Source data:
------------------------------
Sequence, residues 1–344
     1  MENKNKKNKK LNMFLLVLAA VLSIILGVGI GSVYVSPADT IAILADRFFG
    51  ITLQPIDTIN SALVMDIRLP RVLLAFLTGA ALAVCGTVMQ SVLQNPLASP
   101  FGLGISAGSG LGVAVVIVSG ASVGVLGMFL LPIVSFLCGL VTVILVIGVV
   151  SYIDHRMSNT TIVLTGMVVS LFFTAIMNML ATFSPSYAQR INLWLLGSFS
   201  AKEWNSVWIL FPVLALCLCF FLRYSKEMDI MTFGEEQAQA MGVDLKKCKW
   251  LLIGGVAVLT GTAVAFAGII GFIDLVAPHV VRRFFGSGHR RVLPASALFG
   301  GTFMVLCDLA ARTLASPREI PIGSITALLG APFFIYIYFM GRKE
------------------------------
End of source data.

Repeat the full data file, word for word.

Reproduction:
Sequence, residues 1–344
     1  MENKNKKNKK LNMFLLVLAA VLSIILGVGI GSVYVSPADT IAILADRFFG
    51  ITLQPIDTIN SALVMDIRLP RVLLAFLTGA ALAVCGTVMQ SVLQNPLASP
   101  FGLGISAGSG LGVAVVIVSG ASVGVLGMFL LPIVSFLCGL VTVILVIGVV
   151  SYIDHRMSNT TIVLTGMVVS LFFTAIMNML ATFSPSYAQR INLWLLGSFS
   201  AKEWNSVWIL FPVLALCLCF FLRYSKEMDI MTFGEEQAQA MGVDLKKCKW
   251  LLIGGVAVLT GTAVAFAGII GFIDLVAPHV VRRFFGSGHR RVLPASALFG
   301  GTFMVLCDLA ARTLASPREI PIGSITALLG APFFIYIYFM GRKE